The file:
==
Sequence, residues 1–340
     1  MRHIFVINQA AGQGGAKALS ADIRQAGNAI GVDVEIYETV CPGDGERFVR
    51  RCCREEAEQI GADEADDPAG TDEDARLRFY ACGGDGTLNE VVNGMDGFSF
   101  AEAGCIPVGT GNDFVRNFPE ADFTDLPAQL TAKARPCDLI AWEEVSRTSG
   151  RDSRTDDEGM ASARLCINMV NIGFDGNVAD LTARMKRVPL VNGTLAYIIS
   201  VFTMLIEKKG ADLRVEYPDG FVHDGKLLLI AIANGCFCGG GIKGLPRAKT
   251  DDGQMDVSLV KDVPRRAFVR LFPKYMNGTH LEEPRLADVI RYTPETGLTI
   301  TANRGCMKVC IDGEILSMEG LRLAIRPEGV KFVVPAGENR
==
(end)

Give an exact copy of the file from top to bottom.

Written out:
Sequence, residues 1–340
     1  MRHIFVINQA AGQGGAKALS ADIRQAGNAI GVDVEIYETV CPGDGERFVR
    51  RCCREEAEQI GADEADDPAG TDEDARLRFY ACGGDGTLNE VVNGMDGFSF
   101  AEAGCIPVGT GNDFVRNFPE ADFTDLPAQL TAKARPCDLI AWEEVSRTSG
   151  RDSRTDDEGM ASARLCINMV NIGFDGNVAD LTARMKRVPL VNGTLAYIIS
   201  VFTMLIEKKG ADLRVEYPDG FVHDGKLLLI AIANGCFCGG GIKGLPRAKT
   251  DDGQMDVSLV KDVPRRAFVR LFPKYMNGTH LEEPRLADVI RYTPETGLTI
   301  TANRGCMKVC IDGEILSMEG LRLAIRPEGV KFVVPAGENR